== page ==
Though I Have Laid My Hand to Many a Reflection, I Have Found Nothing Stronger than Necessity: A Conversation with Drama

by Andie Eisen

_23A8682.jpg

DRAMA, or the band formerly known as 'Drama Duo', is the Chicago-based musical act composed of singer Via Rosa and project producer Na’el Shehade. Blending soulful lyrics with highly danceable beats, DRAMA’s music is a true collaboration between the two artists. The duo made their debut with Gallows in November 2016 has since released their sophomore album Lies After Love earlier this year. Lies After Love features five songs that focus on “the affirmations and lies that people tell themselves to get over heartbreak” including “Majid”, their newest EP accompanied by a music video inspired by the ancient legend of Orpheus and Eurydice. 

Up next in June, DRAMA will embark on a West Coast tour. We sat down with the pair to discuss the appeal of Chicago, their musical influences, and the creative process.

How did you two meet and start working together?
Both: We were introduced by a mutual friend in 2013. We met at Na'el’s studio in Chicago where he was working on Chance the Rapper's Acid Rap mixtape and Jean Deaux’s Solar system. We started talking and formed a friendship, which made the process of working together super easy.

What is the origin story for the name 'DRAMA'?
Na'el: I was mid-way though working on our first EP Gallows and came to the realization that we did not have a name for the group. At the time I was working on production with Benjamin Myers from Benoit and Sergio. He randomly sent me a text message while he was in Berlin and said "you should call it DRAMA" and it stuck.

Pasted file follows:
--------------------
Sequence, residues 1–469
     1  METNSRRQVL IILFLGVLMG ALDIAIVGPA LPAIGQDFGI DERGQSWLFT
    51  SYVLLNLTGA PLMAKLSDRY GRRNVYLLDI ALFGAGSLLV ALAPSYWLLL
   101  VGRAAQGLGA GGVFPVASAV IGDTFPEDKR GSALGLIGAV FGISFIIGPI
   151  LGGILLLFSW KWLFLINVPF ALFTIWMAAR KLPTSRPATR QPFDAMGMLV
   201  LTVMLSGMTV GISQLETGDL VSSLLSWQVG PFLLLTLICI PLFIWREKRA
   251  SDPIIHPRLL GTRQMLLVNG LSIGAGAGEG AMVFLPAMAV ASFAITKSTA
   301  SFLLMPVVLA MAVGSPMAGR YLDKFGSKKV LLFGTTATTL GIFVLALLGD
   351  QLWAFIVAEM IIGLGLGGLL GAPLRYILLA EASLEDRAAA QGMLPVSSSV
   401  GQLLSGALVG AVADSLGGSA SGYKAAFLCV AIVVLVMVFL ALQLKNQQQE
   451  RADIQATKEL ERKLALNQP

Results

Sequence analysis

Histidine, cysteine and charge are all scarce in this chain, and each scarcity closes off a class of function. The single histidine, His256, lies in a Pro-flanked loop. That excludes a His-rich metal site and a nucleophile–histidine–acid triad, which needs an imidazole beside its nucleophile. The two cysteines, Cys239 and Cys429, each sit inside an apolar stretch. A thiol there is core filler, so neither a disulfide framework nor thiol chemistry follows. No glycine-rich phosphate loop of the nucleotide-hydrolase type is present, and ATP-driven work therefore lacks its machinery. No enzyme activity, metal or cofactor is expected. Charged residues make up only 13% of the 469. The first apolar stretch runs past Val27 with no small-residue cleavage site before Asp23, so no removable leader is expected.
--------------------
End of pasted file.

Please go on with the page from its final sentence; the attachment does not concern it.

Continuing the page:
What is it like being based out of Chicago, does your city influence your songs in any way?
Via: Moving to Chicago has definitely had an impact on my musical career. The people that I’ve met in the city have influenced my sound. I feel very fortunate to have found a community of VERY talented friends that inspire me every single day. 

Na'el: Chicago is the reason I make music. At a young age, I was very influenced by Chicago house music like Mark grant and Bad Boy Bill. You can definitely hear the Chicago influence in my production.


Can you talk a little bit about each of your backgrounds and how they have shaped you artistically? Was there a turning point / moment where you realized you wanted to pursue music?
Via : I was born in Austin Texas but grew up on an Indian reservation in Northern California. I spent most of my childhood touring with my parents and their reggae band. We were home schooled and raised 100% vegan. When I started making music I didn’t take it seriously. My passion was cooking so I decided to pursue culinary arts. When I was 19 I went to culinary school in Hollywood and met my homie Colin Tilley through some mutual friends and he gave me my first microphone. I moved to Chicago in 2010 to help my grandmother who was battling with cancer. After she passed away I was making plans to move to Italy to further my culinary skills but was spending more time in the studio than studying. I started to really focus on music a lot more and released a few projects between 2010 and 2014. When I met Na’el we started working on-stop. The rest is history.

Na’el:  I was born and raised in Chicago. Spent most of high school making music with friends, selling my first EP at the age of 16 for $5 to classmates. That’s when I realized I could make a living from producing records. When I was 17 two of my songs were licensed for Bravo reality TV show. I continued  to grow and evolve as a producer and started working with more and more artists. Around 2011-2012 I started working on Chance the Rapper’s mixtape Acid Rap and with Kanye West’s Cruel Summer project. I was probably the busiest producer/engineer in Chicago at the time but I wanted to explore a change in direction. I grew tired of making other artist’s dreams come true and wanted to work on my own stuff. In 2014 I randomly met Nicolas Jaar who visited me in the studio one day. He basically asked me ‘Why don’t you put your own records out?’ So I took his advice. I met Via and started DRAMA.

_23A8462.jpg

Who are your biggest musical influences? Who (or what) is your biggest non-musical influence? (maybe something that would surprise your fans?)